Where it occurs in England, the three hares motif usually appears in a prominent place in the church, such as the central rib of the chancel roof, or on a central rib of the nave. This suggests that the symbol held significance to the church, and casts doubt on the theory that they may have been a masons' or carpenters' signature marks.There are two possible and perhaps concurrent reasons why the three hares may have found popularity as a symbol within the church. Firstly, it was widely believed that the hare was hermaphrodite and could reproduce without loss of virginity. This led to an association with the Virgin Mary, with hares sometimes occurring in illuminated manuscripts and Northern European paintings of the Virgin and Christ Child. The other Christian association may have been with the Holy Trinity, representing the "One in Three and Three in One" of which the triangle or three interlocking shapes such as rings are common symbols. In many locations the three hares are positioned adjacent to the Green Man, a symbol commonly believed to be associated with the continuance of Anglo-Saxon or Celtic paganism. These juxtapositions may have been created to imply the contrast of the Divine with man's sinful, earthly nature.
In Judaism, the "shafan" in Hebrew has symbolic meaning. —they at least arguably chew their cud lacking cloven hooves —rabbits can carry very positive symbolic connotations, like lions and eagles. 16th century German scholar Rabbi Yosef Hayim Yerushalmi, saw the rabbits as a symbol of the Jewish diaspora. The replica of the Chodorow Synagogue from Poland (on display at the Museum of the Jewish Diaspora in Tel Aviv) has a ceiling with a large central painting which depicts a double-headed eagle holds two brown rabbits in its claws without harming them. The painting is surrounded by a citation from the end of Deuteronomy:Although rabbits are listed as a non-kosher animal in the Bible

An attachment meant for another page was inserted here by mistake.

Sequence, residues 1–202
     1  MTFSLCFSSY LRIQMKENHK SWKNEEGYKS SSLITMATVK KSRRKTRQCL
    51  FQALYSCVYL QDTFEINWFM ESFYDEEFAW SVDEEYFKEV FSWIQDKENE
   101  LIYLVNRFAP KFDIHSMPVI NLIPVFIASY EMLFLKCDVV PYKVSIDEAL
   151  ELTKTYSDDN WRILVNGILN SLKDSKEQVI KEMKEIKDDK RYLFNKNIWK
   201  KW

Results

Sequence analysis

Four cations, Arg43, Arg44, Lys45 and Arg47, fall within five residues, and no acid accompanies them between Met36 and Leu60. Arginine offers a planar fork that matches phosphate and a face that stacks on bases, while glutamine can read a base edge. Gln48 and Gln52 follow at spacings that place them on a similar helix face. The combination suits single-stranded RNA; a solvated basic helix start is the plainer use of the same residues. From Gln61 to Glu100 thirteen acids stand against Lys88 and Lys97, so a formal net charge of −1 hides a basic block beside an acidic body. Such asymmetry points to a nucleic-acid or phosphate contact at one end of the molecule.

- .כנשר יעיר קינו על גוזליו ירחף. יפרוש כנפיו יקחהו ישאהו על אברתו— Deuteronomy 32:11, The Song of Moses
This may be translated: "As an eagle that stirreth up her nest, hovereth over her young, spreadeth abroad her wings, taketh them, beareth them on her pinions (...thus is God to the Jewish people)."
The hare frequently appears in the form of the symbol of the "rotating rabbits". An ancient German riddle describes this graphic thus:
This curious graphic riddle can be found in all of the famous wooden synagogues from the period of the 17th and 18th century in the Ashknaz region (in Germany) that are on museum display in Beth Hatefutsoth Museum in Tel Aviv, the Jewish Museum Berlin and The Israel Museum in Jerusalem. They also appear in the Synagogue from Horb am Neckar (donated to the Israel Museum). The three animals adorn the wooden panels of the prayer room from Unterlimpurg near Schwäbisch Hall, which may be seen in replica in the Jewish Museum Berlin. They also are seen in a main exhibit of the Diaspora Museum in Tel Aviv. Israeli art historian Ida Uberman wrote about this house of worship: "... Here we find depictions of three kinds of animals, all organized in circles: eagles, fishes and hares. These three represent the Kabbalistic elements of the world: earth, water and fire/heavens... The fact that they are always three is important, for that number . . . is important in the Kabbalistic context".
Not only do they appear among floral and animal ornaments, but they are often in a distinguished location, directly above the Torah ark, the place where the holy scriptures repose.
They appear on headstones in Sataniv (Сатанів), Khmelnytsky Oblast, western Ukraine.
The logo presents a problem in topology.It is a strange loop rendered as a puzzle.
Jurgis Baltrusaitis's 1955 Le Moyen-Âge fantastique. Antiquités et exotismes dans l'art gothiqueincludes a 1576 Dutch engraving with the puzzle given in Dutch and French around the image. This is the oldest known dated example of the motif as a puzzle, with a caption that translates as:
One recent philosophical book poses it as a problem in perception and an optical illusion—an example of contour rivalry. Each rabbit can be individually seen as correct—it is only when you try to see all three at once that you see the problem with defining the hares' ears. This is similar to "The Impossible Tribar" by Roger Penrose,originated by Oscar Reutersvärd. Compare M.C. Escher's impossible object.